Venetoclax Effective Against CLL in ‘Real-World’ Setting

Overall response was strong even in high-risk patients (over age 65, with 17p deletion, with prior ibrutinib therapy, and mutations of BTK and PLCγ2).

A real-world trial of single-agent venetoclax in patients with chronic lymphocytic leukemia (CLL) with 17p deletion showed that response rates and duration of response were similar to those reported in clinical trials.

“These results suggest that the efficacy and safety profile of venetoclax demonstrated in the clinical trials setting are comparable to what has been observed in the real world,” wrote researcher Anthony R. Mato, MD, of Memorial Sloan Kettering Cancer Center, and colleagues in Haematologica.
Venetoclax is an oral second-generation BCL2 inhibitor approved by the US Food and Drug Administration (FDA) for the treatment of patients with CLL with 17p deletion. Clinical trials of venetoclax showed overall responses rates (ORRs) ranging from 65% to 79% in patients with relapsed or refractory disease.

To better understand the use and efficacy of venetoclax in a real-world population, Mato and colleagues conducted a multicenter, retrospective study of all patients with CLL treated with venetoclax across 19 US academic and community cancer centers.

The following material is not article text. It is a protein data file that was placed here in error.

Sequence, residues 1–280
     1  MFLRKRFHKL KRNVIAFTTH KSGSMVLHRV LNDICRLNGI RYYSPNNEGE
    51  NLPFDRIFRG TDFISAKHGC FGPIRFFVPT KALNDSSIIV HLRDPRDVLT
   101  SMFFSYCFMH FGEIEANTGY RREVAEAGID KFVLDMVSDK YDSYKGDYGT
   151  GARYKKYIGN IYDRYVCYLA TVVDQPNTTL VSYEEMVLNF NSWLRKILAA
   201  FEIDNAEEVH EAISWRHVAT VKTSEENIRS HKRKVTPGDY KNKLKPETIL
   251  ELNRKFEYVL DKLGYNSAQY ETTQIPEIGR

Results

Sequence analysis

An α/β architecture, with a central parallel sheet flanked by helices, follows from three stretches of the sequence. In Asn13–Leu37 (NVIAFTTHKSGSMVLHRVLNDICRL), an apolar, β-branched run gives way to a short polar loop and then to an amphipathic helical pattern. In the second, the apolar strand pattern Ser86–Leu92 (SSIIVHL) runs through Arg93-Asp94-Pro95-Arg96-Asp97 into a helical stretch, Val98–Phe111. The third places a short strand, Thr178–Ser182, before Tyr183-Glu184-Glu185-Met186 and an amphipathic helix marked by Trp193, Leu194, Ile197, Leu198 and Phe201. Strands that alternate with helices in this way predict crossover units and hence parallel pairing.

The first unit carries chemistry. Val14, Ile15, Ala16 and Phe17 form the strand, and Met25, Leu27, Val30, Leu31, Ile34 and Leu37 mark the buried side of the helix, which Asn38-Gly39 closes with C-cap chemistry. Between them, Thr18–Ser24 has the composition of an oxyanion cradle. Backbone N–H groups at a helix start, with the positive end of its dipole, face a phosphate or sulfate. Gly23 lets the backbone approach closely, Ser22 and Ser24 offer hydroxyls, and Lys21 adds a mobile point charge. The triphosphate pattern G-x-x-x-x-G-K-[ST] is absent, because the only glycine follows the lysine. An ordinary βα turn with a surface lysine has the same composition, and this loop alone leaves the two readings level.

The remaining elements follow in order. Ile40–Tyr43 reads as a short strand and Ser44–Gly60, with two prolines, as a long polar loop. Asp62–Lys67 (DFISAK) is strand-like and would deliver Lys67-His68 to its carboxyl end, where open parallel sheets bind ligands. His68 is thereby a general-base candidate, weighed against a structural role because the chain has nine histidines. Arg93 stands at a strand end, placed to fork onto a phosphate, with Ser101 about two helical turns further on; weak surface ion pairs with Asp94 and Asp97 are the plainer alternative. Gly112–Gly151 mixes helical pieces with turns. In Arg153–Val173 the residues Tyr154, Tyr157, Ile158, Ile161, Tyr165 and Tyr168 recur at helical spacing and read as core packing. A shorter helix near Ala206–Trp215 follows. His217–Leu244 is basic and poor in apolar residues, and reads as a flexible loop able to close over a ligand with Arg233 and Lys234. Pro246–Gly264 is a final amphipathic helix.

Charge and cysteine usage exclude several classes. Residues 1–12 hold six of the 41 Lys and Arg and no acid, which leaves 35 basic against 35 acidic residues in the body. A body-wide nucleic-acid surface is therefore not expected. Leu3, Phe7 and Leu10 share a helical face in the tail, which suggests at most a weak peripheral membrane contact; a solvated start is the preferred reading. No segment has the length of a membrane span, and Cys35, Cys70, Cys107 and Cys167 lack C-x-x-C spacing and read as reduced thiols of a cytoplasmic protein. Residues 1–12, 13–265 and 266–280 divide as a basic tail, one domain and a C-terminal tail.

The study included 141 patients with a median age at treatment initiation of 67 years. Patients had received a median of three prior therapies. During dose escalation, the majority (85%) achieved the maximum dose of 400-mg daily.

Overall, 72% of patients responded to venetoclax, with 19.4% of this group achieving a complete response. The ORR was similarly high among several groups of high-risk patients, including those older than 65, with 17p deletion, prior ibrutinib therapy, BTK mutation, and PLCγ2 mutation. At a median follow-up of 7 months, the median progression-free survival and overall survival have not yet been reached.

To prevent tumor lysis syndrome (TLS), 93% of patients received allopurinol, 92% received normal saline, and 45% received rasburicase; 35.8% of patients had been considered intermediate-risk and 19.4 % were considered high-risk patients.

“TLS has been suggested as the most critical toxicity with venetoclax, contributing to early treatment-related deaths in clinical trials, particularly before the current dose ramp-up schedule was implemented in trials to minimize TLS risk,” the researchers wrote. “In our study, TLS rates were higher than those reported in most recent trials.”

TLS occurred in 13.4% of patients, with 6.7% of events in high-risk patients. One death from TLS was reported in a patient re-challenged with venetoclax after delayed interruption without utilizing a dose-escalation schedule.

Other adverse events of interest included neutropenia (47.4%), thrombocytopenia (36%), neutropenia fever (11.6%), and diarrhea (7.3%).
Forty-one patients have discontinued therapy and 24 have received subsequent therapy, mostly ibrutinib.

“To date, little is known regarding reasons for venetoclax discontinuation in clinical practice,” the researchers wrote. “In our study, 28% of all patients discontinued therapy; 53.8% of these patients discontinued due to progression of CLL excluding Richter’s transformation (RT), and 20.5% discontinued due to toxicity.

The FDA recently expanded the approval of venetoclax to include combination therapy with rituximab for patients with CLL with or without 17p deletion who have received one prior line of therapy.